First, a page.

I sit down at my computer and open the web browser. With expert efficiency I open multiple pages: email, Facebook, university student page, weather report, internet banking. I’m talking on the phone too and in the back of my mind planning the day ahead. The to do list is growing: work and study to complete, housework to plow through, groceries to be bought, errands to be run. Suddenly my eyes are heavy and I have an overwhelming urge to rest my forehead on the desk. I am trying to do too much.
Can I possibly attend to all of these websites at once? Is every one of those items on my to do list really that urgent? No. And being pregnant is helping me to see that.
As a yoga teacher I repeatedly urge my students to focus on the now – the breath, the sensation of the feet pressing into the mat, the feeling of the muscles lengthening. I encourage them to tune into their body and to honour what they find. So, if they are tired, they should rest; if they are injured, they should avoid anything that will cause additional strain; if they are full of energy, they might like to approach their practice and their life with gusto.
I also practice what I preach – at least some of the time. I’ll often remind myself to give my full attention to the task at hand – whether it be talking to my husband, checking my emails, or eating my lunch. I’ll check in with how I’m feeling and notice when the tension starts to build, or the fatigue sets in. Inevitably though, there are moments and days when I’m overpowered and try to do everything and be everywhere at once.
My pregnant body and my pregnant mind don’t like this multitasking or this gung-ho approach to my to do lists one bit. Some experts say there’s no proof of ‘baby brain’. I respectfully disagree. Sometimes I feel like the baby has appropriated my brain and it’s hard enough to keep track of a single thought, a single task; forget about five, ten, twenty things. It simply isn’t going to happen. Just today I walked into a shop and stood for a minute, perplexed. I thought to myself ‘Why, exactly, am I here?’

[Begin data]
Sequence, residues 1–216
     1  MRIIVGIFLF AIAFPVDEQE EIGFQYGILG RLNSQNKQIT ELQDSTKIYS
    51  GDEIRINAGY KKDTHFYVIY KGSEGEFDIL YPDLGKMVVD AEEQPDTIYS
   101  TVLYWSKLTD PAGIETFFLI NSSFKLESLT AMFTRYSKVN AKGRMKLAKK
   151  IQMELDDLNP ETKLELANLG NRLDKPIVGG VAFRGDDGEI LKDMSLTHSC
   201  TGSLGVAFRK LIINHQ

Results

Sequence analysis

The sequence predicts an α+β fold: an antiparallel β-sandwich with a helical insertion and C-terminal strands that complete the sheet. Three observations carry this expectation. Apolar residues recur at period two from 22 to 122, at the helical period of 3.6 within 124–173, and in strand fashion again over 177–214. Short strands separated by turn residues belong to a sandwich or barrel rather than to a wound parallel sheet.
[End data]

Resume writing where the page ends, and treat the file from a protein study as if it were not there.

Pregnancy is proving to be an amazing lesson in learning to slow down, of focusing on the present moment, and leaving ‘multitasking mayhem’ and my to do list at the door. Often, I’m simply too tired to attempt doing more than one thing at a time. Or I might cross off the first item on my list and find that I’m too exhausted to tackle any more. This is a fatigue I’ve never experienced before (and from what I hear, it’s likely to be trumped by the sleepless nights of baby’s first few weeks) and it is commanding. I have little choice but to give in to its will. I wonder why, when I was not pregnant, I was often willing to ignore my body’s signals for rest, respect and recovery?
If it’s not the fatigue slowing me down, then there’s the fact that ‘things’ just don’t seem so important anymore. This baby has consumed me – in a good way, of course. Tasks that once seemed urgent have lost their immediacy; things that don’t support the wellbeing of me and my child aren’t on the list. I find the greatest joy in simply sitting quietly, baby kicking in my belly, and doing nothing at all. Of course, I still get things done. But now I’m not quite so compulsive in my drive to do them immediately or to do them all at once. I have slowed down and I am appreciating myself and my body more than ever.
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